Miller & Richard composing stick with type set and leading.
Accession Number: SH.2009.394.2
The compositors job was to set or compose or arrange type in order for printing. In his left hand he would hold a composing stick such as the one shown above.
The composing / setting stick is a device which holds the collected type at the required width of the line. This is defined by adjusting the metal screw shown on the right of this image.
In his right hand the compositor collects the type from the galley racks and places it in the composing stick. A good compositor would pick up between two and three thousand types an hour. To undertake this job took a great deal of skill and manual dexterity. The type must be placed in the composing stick in the right order and the correct way up to ensure an error free printing.
This setting stick is on display at the Writer's Museum, Lady Stairs Close, Edinburgh
Miller & Richard were a world famous Edinburgh type foundry. The
firm supplied type to print firms all over the globe. The company was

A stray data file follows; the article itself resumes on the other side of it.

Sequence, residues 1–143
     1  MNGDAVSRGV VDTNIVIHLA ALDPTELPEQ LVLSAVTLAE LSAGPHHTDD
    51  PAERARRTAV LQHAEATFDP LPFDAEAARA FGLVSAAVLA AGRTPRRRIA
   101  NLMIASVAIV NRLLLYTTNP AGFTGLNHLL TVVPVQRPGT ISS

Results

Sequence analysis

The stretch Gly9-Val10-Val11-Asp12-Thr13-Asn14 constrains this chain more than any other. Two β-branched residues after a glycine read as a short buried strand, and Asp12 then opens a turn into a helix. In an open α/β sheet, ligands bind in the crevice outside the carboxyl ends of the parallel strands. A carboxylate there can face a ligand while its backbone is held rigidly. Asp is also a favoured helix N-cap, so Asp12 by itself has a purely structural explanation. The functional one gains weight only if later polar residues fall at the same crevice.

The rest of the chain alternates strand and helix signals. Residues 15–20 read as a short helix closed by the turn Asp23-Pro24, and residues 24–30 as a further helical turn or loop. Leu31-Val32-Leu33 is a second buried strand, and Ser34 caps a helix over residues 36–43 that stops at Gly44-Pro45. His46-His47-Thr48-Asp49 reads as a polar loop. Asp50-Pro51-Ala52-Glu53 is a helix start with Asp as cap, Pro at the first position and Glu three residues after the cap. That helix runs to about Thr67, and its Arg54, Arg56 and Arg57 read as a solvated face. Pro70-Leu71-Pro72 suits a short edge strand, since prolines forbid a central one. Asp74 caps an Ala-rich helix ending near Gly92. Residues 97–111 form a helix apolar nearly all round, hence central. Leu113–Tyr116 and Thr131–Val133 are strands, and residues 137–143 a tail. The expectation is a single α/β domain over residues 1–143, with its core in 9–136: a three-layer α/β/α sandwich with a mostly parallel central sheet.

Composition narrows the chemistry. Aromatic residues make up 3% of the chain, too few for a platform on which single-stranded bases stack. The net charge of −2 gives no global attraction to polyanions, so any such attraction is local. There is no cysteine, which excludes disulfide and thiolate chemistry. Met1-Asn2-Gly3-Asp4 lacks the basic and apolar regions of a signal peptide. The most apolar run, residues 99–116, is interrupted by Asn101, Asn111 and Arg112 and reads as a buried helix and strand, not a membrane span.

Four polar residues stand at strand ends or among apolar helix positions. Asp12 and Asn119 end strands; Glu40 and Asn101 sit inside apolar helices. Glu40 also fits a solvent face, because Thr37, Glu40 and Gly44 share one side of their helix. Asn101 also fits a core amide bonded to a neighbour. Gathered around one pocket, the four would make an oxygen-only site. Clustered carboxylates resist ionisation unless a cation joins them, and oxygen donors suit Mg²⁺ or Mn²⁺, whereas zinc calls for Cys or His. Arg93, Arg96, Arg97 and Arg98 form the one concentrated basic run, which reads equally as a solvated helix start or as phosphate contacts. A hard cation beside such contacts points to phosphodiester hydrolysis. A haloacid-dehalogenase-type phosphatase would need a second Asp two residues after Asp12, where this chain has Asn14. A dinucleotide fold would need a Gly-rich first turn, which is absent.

established by William Miller, who had trained at Alexander Wilson’s
foundry in Glasgow. In 1809 he began operations out of Reikies Court,
just off Nicolson Street. It expanded to take in the surrounding
buildings including a chapel, a school, a lying-in hospital and
finally a street was roofed over to make a woodworking shop.
By 1825 the company was type founders for His Majesty of Scotland and when he was joined by his son-in-law Walter Richard in 1838 the firm became Miller & Richard.
Miller & Richard founded a strong reputation of typographic innovation. They were responsible for founts such as the Miller & Richard Oldstyle and its boldface, now known as Old Style or Century Oldstyle; and Antique Old Style, or Bookman.
The foundry closed in 1952, when the designs passed to the English company Stephenson Blake.
Edinburgh City of Print is a joint project between City of Edinburgh Museums and the Scottish Archive of Print and Publishing History Records (SAPPHIRE). The project aims to catalogue and make accessible the wealth of printing collections held by City of Edinburgh Museums. For more information about the project please visit www.edinburghcityofprint.org